Moving Encounters: Sympathy and the Indian Question in Antebellum Literature - Native Americans of the Northeast: Culture, History & the Contemporary S. (Hardback)Laura L. Mielke (author)
Hardback Published: 15/05/2008
- Not available
An old Indian woman comforts two young white children she finds lost in the woods and lovingly carries them back to their eager parents. A frontiersman sheds tears over the grave of a Mohican youth, holding hands with the mourning father.According to Laura L. Mielke, such emotionally charged scenes between whites and Indians paradoxically flourished in American literature from 1820 to 1850, a time when the United States government developed and applied a policy of Indian removal. Although these "moving encounters," as Mielke terms them, often promoted the possibility of mutual sympathy between Native Americans and Euro-Americans, they also suggested that these emotional links were inherently unstable, potentially dangerous, and ultimately doomed. At the same time, the emphasis on Indian-white sympathy provided an opportunity for Indians and non-Native activists to voice an alternative to removal and acculturation, turning the language of a sentimental U.S. culture against its own imperial impulse.Mielke details not only how such writers as James Fenimore Cooper and Henry Rowe Schoolcraft forecast the inevitable demise of Indian-white sympathy, but also how authors like Lydia Maria Child and William Apess insisted that a language of feeling could be used to create shared community or defend American Indian sovereignty. In this way, "Moving Encounters" sheds new light on a wide range of texts concerning the "Indian Question" by emphasizing their engagement with popular sentimental forms and by challenging the commonly held belief that all Euro-American expressions of sympathy for American Indians in this period were fundamentally insincere. While portraits of Indian-white sympathy often prompted cynical rejoinders from parodists, many never lost faith in the power of emotion to overcome the greed and prejudice fueling the dispossession of American Indians.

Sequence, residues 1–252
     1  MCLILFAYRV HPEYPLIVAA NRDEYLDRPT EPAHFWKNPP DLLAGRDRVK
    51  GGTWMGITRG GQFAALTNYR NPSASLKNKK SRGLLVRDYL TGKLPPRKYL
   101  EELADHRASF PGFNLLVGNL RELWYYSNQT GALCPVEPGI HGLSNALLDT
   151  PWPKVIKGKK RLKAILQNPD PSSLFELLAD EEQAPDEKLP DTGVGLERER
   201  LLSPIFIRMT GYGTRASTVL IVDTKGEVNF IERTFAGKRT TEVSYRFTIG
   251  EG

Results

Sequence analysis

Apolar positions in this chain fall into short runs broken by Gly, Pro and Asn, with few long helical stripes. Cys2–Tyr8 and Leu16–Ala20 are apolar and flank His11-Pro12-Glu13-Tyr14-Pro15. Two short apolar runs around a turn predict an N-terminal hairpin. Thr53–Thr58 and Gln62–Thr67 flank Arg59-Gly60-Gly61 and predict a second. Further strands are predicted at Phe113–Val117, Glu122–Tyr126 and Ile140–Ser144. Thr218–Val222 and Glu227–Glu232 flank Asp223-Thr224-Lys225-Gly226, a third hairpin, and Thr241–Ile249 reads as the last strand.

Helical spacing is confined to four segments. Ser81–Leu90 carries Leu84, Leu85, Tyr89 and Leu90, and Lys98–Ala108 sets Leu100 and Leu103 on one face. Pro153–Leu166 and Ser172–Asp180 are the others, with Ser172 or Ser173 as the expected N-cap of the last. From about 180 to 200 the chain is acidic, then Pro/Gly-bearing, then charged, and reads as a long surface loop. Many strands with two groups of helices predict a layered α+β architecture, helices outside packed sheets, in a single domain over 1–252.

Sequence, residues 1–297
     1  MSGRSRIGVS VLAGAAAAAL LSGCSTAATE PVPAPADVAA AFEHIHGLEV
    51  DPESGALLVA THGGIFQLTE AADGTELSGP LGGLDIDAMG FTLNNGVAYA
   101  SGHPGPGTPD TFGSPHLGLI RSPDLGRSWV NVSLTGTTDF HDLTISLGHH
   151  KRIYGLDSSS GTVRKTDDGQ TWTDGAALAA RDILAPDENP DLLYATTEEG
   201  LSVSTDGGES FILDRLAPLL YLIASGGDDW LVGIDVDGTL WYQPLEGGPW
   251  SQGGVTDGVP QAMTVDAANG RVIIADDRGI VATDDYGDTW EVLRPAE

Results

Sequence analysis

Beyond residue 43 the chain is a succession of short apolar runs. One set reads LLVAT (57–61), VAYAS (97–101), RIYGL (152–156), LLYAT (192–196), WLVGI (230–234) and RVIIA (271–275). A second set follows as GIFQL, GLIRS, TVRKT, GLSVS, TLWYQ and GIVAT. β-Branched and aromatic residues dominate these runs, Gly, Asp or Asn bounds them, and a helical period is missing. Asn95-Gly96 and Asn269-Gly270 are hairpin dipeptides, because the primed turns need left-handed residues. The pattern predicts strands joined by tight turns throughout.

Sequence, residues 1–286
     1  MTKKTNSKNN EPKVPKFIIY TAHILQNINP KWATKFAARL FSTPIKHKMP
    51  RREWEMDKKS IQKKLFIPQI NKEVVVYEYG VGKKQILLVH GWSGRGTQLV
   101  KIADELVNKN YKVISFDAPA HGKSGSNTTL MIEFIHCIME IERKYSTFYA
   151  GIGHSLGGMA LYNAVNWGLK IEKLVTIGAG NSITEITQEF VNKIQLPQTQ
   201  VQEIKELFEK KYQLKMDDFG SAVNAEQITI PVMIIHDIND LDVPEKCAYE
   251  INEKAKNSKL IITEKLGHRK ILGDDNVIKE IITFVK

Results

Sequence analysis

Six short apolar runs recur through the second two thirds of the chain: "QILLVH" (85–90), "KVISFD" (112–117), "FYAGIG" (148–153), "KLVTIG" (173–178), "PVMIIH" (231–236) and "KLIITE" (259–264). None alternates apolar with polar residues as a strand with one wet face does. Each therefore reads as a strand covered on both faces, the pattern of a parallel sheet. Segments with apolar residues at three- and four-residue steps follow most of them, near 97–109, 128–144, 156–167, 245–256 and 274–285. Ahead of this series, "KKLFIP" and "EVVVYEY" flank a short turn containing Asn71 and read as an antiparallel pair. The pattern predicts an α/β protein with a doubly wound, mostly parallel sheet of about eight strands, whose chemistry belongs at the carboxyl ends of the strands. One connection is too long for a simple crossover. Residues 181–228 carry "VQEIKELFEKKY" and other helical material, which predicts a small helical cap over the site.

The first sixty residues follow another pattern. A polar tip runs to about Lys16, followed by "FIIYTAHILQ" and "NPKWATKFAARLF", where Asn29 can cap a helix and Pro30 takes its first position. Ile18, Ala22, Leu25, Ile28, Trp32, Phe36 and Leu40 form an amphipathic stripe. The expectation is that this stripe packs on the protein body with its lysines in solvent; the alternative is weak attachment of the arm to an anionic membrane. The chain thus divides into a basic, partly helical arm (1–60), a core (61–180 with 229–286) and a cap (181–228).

Publisher: University of Massachusetts Press
Weight: 499 g
Dimensions: 239 x 160 x 23 mm
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